How to prepare your Winter garden for the best possible Spring
The garden might be the last thing on your mind in December but getting winter gardening jobs done now before frostier months of the New Year is the best way to ensure a glorious spring.
To help you on your way, we’ve put together our top tips for winter gardening.
Tuck in your beds and borders
Autumn tends to bring with it lots of rain and leaf mulch. This, combined with the first frosts of winter, can leave your borders and flower beds at risk of becoming boggy and then compacted.
To prevent this from happening, start by clearing up any remaining leaf litter now as it will be harder to pick up once it has decomposed.
Next, while nothing’s really growing in your borders and beds, it’s a great time to gently turn the soil over with a garden fork, being careful not to damage the bulbs of any perennials you may have planted.
Get your hedgerows in order
Hedges usually grow in very limited space, and can quickly use up all the nutrients available in the soil they’re planted in.
The winter is a great time to re-balance the nutrient level of hedgerow soil because woody plants tend to go to sleep over the winter, so you can rummage around the roots with less danger of shocking the plant into losing its leaves.
Our Biochar Soil Improver works well for this job, giving the soil beneath your hedgerows a healthy dose of plant-friendly microbes and fungi.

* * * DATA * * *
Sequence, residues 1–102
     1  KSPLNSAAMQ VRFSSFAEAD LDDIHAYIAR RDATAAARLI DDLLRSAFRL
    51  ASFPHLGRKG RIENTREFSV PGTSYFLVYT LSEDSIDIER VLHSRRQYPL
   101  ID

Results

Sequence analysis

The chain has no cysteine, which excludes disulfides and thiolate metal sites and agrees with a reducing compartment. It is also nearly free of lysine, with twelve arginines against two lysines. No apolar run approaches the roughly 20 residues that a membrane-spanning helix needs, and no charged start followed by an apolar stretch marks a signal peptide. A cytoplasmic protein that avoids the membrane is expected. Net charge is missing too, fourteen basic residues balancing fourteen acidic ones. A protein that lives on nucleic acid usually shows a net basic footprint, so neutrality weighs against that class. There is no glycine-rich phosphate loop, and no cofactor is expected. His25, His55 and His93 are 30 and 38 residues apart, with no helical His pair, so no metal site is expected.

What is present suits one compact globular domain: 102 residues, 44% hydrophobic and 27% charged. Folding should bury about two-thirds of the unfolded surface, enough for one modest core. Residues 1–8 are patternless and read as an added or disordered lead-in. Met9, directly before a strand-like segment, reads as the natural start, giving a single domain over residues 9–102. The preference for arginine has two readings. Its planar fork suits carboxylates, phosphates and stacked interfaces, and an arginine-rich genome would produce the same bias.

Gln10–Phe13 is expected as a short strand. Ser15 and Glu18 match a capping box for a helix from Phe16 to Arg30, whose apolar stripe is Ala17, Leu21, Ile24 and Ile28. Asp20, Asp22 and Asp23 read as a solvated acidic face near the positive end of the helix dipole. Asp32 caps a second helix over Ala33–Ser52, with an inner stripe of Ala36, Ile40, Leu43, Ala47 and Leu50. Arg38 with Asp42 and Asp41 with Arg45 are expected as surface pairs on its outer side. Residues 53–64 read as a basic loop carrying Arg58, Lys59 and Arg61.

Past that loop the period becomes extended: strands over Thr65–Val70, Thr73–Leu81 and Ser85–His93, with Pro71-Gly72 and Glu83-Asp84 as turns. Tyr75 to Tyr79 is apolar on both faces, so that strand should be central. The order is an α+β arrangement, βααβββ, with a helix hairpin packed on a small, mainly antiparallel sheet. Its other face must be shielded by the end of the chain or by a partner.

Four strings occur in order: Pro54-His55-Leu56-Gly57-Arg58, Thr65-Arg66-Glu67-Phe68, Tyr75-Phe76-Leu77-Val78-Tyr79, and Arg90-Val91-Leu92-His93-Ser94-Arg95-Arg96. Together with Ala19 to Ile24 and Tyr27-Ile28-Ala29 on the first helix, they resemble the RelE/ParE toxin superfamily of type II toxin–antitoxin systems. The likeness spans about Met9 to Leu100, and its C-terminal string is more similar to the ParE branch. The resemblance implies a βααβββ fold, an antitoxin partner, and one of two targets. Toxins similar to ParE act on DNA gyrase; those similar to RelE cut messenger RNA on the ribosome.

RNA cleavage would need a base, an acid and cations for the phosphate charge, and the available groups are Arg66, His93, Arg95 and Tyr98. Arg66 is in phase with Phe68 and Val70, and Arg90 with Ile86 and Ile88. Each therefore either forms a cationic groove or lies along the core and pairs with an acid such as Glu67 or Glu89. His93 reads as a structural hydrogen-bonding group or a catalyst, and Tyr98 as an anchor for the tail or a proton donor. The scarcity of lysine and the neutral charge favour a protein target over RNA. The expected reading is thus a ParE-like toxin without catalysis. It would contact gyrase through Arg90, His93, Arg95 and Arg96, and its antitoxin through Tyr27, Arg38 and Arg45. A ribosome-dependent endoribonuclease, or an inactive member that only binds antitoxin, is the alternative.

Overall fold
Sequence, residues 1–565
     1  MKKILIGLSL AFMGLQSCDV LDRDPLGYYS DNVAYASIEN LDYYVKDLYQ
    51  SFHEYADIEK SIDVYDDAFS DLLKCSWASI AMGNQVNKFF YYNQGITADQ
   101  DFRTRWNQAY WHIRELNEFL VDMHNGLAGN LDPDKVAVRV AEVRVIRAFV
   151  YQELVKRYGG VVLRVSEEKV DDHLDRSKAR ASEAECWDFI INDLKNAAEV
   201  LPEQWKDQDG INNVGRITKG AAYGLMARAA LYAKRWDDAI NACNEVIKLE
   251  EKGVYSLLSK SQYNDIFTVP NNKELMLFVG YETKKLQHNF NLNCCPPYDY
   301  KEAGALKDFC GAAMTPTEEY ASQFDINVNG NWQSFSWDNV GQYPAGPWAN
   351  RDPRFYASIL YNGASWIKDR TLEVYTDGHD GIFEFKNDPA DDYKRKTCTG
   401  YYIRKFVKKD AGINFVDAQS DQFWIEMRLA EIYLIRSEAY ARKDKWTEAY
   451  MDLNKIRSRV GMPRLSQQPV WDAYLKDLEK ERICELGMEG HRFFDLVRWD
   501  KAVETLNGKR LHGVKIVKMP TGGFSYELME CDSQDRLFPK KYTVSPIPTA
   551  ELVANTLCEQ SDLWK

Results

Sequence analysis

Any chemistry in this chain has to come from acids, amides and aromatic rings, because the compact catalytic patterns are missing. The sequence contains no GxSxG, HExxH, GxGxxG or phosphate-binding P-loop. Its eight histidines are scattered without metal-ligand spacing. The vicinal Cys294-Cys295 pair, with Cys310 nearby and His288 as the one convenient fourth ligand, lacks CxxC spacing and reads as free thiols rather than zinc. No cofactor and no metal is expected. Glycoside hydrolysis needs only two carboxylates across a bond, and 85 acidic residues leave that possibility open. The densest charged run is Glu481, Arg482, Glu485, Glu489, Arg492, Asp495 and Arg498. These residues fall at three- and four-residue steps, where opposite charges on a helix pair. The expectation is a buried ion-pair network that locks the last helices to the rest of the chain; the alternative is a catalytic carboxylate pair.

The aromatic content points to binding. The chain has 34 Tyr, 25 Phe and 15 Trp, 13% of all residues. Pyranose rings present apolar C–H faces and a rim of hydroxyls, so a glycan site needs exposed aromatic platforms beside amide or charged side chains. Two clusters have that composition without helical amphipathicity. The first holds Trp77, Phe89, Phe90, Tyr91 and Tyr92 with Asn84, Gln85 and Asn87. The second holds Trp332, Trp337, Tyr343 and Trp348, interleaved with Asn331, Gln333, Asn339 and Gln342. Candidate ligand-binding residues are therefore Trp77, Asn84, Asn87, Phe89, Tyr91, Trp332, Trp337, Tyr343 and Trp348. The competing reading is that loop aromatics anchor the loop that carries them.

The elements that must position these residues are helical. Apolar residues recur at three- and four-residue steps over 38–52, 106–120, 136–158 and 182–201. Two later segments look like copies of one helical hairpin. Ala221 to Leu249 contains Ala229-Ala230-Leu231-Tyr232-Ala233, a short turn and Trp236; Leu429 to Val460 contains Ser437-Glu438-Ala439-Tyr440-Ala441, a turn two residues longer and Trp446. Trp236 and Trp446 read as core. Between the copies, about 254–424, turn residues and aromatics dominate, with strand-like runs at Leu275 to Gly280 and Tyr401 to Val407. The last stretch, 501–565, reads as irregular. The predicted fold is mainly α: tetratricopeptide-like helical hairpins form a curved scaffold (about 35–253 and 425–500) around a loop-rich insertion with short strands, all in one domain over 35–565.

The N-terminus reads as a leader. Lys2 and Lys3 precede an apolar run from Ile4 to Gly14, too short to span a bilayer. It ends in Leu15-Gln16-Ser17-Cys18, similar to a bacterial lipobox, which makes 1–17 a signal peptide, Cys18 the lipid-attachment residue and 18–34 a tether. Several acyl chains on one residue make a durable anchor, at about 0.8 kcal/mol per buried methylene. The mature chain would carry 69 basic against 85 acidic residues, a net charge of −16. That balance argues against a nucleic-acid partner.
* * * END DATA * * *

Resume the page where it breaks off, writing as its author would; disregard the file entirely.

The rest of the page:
Give your trees a boost
Like hedges and other woody plants, trees hibernate in the winter. So, it’s a safe time to decompact the soil around their roots and give them an extra boost of nutrients too.
This is simple to do using a tree soil improver and fork. For best results, lightly forking the existing soil around the tree, being careful not to damage any surface roots in the process.
Winter is also a good time to plant new trees as it gives them time to establish a strong root ahead of spring. For more advice on planting a tree in your garden, check out our step-by-step guide.
Protect potted plants
Finally, with temperatures plummeting, December is a good time to move your container plants to a sheltered spot in the garden.
Potted plants are particularly vulnerable in adverse weather conditions as their roots are more exposed to the elements, so keeping them out of the cold will ensure they remain healthy and sturdy ready for a successful spring.
So get out there!
We know it can be harder to motivate yourself to get out in the garden when it’s overcast and chilly, but it’s well worth it.
By getting ahead now, you’ll save yourself an awful lot of work in the few weeks immediately before spring and you’ll be in for a real treat when the garden comes back to life.
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